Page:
PHOTOGRAPHY BY EDUARDO TORRES AT THE INDIANA UNIVERSITY JACOBS SCHOOL OF MUSIC. WRITTEN BY MADELEINE SOPHIE. DESIGN BY LINDSAY HADLEY.
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—MAURICE MERLEAU-PONTY, PHENOMENOLOGY OF PERCEPTION
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“I HAVE NO OTHER MEANS OF KNOWING THE HUMAN BODY THAN BY LIVING IT; THAT IS, BY TAKING UP FOR MYSELF THE DRAMA THAT MOVES THROUGH IT AND BY MERGING WITH IT.
THUS I AM MY BODY, AT LEAST TO THE EXTENT THAT I HAVE AN ACQUISITION AND RECIPROCALLY MY BODY IS SOMETHING LIKE A NATURAL SUBJECT, OR A PROVISIONAL SKETCH OF MY TOTAL BEING.” —Maurice Merleau-Ponty, Phenomenology of Perception
Perhaps one question has been asked for sometime (and may very well be
asked for the duration of the foreseeable future) in the pursuit of knowledge:
how do we know what we know? Much has been said about this theory of knowledge, but there has been little regard for all that has been done and discovered with, not without, the body. What if the body can reveal something about one’s behavior and personal physical signature beyond this primacy of the “cogito”? What would happen if bodily intuition were coupled with cognition? How would we see art? How would we see life? How would we love? How would we live? How
would we move?
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AS A DANCER, I CAN SAY THAT THE WAYS IN WHICH WE MANIPULATE OUR MOVEMENTS AFFECTS OUR PERSPECTIVE ON ALL ASPECTS OF LIFE. AS AN ART FORM, DANCE IS INSEPARABLE FROM LIFE, WHICH SHOULDN’T BE A NOTION TOO HARD TO FATHOM SINCE LIFE ITSELF VERY MUCH SO DEPENDS ON THE EXISTENCE OF A LIVING, BREATHING, MOVING BODY. 35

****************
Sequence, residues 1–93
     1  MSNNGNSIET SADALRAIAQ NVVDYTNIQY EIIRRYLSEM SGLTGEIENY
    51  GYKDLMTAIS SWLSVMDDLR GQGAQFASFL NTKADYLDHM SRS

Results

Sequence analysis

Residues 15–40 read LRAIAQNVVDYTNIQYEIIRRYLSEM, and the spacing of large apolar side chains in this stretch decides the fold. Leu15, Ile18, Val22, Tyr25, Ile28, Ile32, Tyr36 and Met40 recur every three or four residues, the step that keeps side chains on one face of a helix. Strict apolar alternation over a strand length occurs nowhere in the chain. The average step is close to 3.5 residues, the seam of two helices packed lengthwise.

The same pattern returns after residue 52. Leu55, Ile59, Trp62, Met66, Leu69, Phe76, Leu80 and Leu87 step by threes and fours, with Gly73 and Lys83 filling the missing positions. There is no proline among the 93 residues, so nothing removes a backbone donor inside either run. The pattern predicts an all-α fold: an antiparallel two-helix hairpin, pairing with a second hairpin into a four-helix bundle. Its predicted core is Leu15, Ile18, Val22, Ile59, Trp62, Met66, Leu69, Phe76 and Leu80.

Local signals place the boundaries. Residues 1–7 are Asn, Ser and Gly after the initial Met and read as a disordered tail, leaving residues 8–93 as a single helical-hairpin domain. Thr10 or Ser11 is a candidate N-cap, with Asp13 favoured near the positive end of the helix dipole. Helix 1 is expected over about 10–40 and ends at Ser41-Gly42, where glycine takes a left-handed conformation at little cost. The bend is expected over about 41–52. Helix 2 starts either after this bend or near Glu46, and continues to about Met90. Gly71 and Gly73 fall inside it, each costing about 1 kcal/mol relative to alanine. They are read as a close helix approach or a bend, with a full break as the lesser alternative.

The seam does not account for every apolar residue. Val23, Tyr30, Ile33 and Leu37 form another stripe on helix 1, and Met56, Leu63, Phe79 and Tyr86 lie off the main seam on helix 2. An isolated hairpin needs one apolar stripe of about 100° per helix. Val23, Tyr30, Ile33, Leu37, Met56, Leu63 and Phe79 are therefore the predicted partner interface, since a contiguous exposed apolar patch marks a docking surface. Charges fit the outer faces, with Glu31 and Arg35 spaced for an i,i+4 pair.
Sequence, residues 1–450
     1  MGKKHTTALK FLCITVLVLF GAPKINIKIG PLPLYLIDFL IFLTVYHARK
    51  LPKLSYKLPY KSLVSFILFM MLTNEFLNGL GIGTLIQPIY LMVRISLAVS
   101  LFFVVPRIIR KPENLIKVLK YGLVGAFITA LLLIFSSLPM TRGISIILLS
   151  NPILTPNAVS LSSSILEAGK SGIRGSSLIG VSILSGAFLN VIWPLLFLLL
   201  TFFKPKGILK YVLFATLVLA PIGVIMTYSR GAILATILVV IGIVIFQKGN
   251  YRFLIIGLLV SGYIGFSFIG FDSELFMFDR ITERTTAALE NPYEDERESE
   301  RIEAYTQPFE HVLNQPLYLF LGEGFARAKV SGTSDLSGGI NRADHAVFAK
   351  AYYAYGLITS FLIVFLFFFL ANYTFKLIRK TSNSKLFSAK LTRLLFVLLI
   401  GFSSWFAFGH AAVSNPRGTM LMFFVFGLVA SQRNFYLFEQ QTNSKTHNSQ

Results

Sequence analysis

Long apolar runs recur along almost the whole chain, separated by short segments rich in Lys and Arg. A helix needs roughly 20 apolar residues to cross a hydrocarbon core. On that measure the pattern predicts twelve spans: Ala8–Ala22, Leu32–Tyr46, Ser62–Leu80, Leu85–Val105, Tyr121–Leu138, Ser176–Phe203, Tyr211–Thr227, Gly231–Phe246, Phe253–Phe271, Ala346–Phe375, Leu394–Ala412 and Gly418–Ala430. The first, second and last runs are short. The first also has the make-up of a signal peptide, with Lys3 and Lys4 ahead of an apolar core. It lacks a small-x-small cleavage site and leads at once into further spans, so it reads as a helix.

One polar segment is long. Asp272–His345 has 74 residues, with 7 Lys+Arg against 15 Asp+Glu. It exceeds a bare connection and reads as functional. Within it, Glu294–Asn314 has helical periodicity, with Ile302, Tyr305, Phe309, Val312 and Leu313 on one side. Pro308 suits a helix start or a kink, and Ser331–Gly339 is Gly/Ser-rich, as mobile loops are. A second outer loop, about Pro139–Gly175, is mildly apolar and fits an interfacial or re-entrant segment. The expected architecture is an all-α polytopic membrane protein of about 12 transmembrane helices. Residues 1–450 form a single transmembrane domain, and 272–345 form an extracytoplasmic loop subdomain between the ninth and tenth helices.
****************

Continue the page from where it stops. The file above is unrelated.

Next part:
DANCERS DO NOT USE ANY OTHER SOURCE BUT THEIR OWN BODY TO CREATE ART. A slight inclination of the head, a calm elevation of the leg, or the fervent twist of the wrist reveals not only the idiosyncrasies of an individual dancer, but also his or her deficiencies. To perform, then, is to reveal our relationship with the world through only
the movements our bodies afford. What happens when this kinetic art is captured? Can a singular moment catch the transcendental display seen on a stage, or does the preserved moment demand a further exploration? Although this movement becomes still, the lasting impression of the dancer’s body is dynamic. It is still moving. A dancer’s hierophantic dedication to his or her art often inspires an audience to respect, or perhaps it strikes them with discomfort in self-reflection. This is good, for if the audience members are moved by the dancer’s presence, it is because the dancer has LAURA WHITBY
opened their minds to the possibility of creating something from within themselves. And whatever this may be, if it is worth sharing, then it is worth knowing.
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STARTERS CONVERSING WITH INDY’S TOP ATHLETES AND CREATIVES AT THE INTERSECTION OF PERFORMANCE, CREATIVITY, AND STYLE. PHOTOGRAPHY BY POLINA OSHEROV AND ESTHER BOSTON + HAIR: CAMAS BREEN FOR MDG + MAKEUP: DANELLE FRENCH + DESIGN BY KATHY DAVIS
VONTAE DAVIS FOOTBALL PLAYER TEXT BY POLINA OSHEROV